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Keyword: zika virus

Show airs on Cable Channel 25 and online

The latest edition of Baltimore County’s half-hour cable television public affairs show, “Hello Baltimore County,” highlights recreation programs, streamlined process for MBE-WBE procurement and Zika and tick borne illness prevention.

ICYMI—In case you missed it, we review some recent headlines from your County government.

Great Recreation Programs for Everyone—Learn about fall recreation programs and get a glimpse of the offerings at the Benjamin Banneker Historical Park and Museum.

County Streamlines Procurement Process to Aid MBE/WBE Firms—Learn about big changes to the County’s procurement process that make it easier for smaller firms to compete.

Don’t Get Bitten!—Zika and tick-borne illnesses are a serious matter. Find out how to protect your family.

You can also view the show on Hello Baltimore County's page. Click on the menu icon in the upper left of the video screen to select an individual segment.

In addition to online access, the program runs several times per week on Cable Channel 25, in Baltimore County, at the following times:

  • Mondays: 1:30 p.m., 6 p.m., 10 p.m.
  • Tuesdays: 12 p.m., 7:30 p.m., 9 p.m.
  • Wednesdays: 11 a.m., 1 p.m., 4 p.m., 10 p.m.
  • Thursdays: 1 p.m., 4:30 p.m., 8 p.m.
  • Fridays: 11 a.m., 6 p.m. 

Lucia Donatelli, MD,
 Chief, Bureau of Prevention, Protection, and Preparedness
 Baltimore County Department of Heal
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With the Olympic Games upon us this summer, people all over the world prepare to celebrate athletic excellence. This year, Rio de Janeiro will carry the torch, but unfortunately the spread of Zika virus in many parts of Central America, South America and the Caribbean may dim the light.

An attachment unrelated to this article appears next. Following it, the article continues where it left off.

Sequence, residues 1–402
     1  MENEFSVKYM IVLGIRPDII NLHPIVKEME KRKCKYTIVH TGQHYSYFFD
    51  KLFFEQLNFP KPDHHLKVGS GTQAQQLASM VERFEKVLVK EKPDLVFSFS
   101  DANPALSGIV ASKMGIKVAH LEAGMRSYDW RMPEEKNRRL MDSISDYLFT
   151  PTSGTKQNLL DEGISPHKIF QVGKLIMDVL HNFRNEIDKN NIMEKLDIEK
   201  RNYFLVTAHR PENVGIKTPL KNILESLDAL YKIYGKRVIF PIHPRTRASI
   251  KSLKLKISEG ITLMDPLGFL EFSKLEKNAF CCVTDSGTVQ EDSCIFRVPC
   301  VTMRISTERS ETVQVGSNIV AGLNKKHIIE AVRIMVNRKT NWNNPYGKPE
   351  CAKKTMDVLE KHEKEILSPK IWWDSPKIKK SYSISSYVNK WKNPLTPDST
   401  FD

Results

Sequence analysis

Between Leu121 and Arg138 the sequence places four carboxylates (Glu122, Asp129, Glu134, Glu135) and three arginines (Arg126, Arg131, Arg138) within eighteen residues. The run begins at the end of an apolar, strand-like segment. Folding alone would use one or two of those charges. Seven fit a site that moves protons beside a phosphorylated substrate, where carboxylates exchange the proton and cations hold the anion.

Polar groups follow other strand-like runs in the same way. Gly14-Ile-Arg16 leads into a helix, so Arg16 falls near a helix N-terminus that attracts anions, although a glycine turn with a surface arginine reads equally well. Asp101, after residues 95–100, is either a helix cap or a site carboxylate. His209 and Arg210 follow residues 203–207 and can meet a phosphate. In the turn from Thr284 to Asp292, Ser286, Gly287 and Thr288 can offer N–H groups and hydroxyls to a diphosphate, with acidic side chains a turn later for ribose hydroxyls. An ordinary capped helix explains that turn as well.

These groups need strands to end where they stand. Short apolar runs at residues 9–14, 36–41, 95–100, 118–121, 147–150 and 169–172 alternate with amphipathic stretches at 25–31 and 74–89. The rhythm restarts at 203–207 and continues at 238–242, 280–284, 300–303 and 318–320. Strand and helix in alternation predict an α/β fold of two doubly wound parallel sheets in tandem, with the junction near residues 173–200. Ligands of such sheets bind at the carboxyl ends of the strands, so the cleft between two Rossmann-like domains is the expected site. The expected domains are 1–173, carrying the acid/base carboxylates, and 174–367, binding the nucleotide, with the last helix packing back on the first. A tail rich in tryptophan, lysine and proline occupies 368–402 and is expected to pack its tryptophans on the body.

Zap Zika graphicAedes mosquitos can be infected with the Zika virus if they bite a person with it. These infected mosquitos can then spread the virus to other people through bites. Many people who become infected with Zika never know it, while others may experience fever, rash, joint pain, and/or conjunctivitis (red eyes). These symptoms usually last for several days to a week. Even though they are mild and will go away with rest and fluids, pregnant women are at risk of passing it on to their unborn babies.  Zika has been linked to a number of birth defects, including microcephaly (small head due to small brain).

When travelling this season, it’s important to be aware of the areas with active transmission of Zika virus. Even in the continental US, where there is currently no active local Zika transmission by mosquitoes, mosquito control and protection are still extremely important to preventing mosquito bites and breeding opportunities. Mosquitoes can easily reproduce in small amounts of water, especially in containers found in your yard.

In order to prevent the spread of Zika virus, always remember to WRAP UP!

W: Wear long sleeved shirts, pants and hats.

R: Repair damaged doors and windows.

A: Always empty containers that hold water to avoid creating mosquito breeding sites.

P: Protect yourself with an EPA-registered insect repellent.

U: Use condoms or abstain from sexual activity if you are pregnant, or if your partner has been in a Zika infested area.

P: Pregnant women should avoid traveling to areas affected by Zika.

By following these simple steps, we can all do our part to Zap Zika!

To learn more about Zika, attend an upcoming Community Chat at 6 p.m. on June 28 at the Baltimore County Department of Health or get the most up-to-date news on the Center for Disease Control and Prevention website.


 
 
Revised September 26, 2016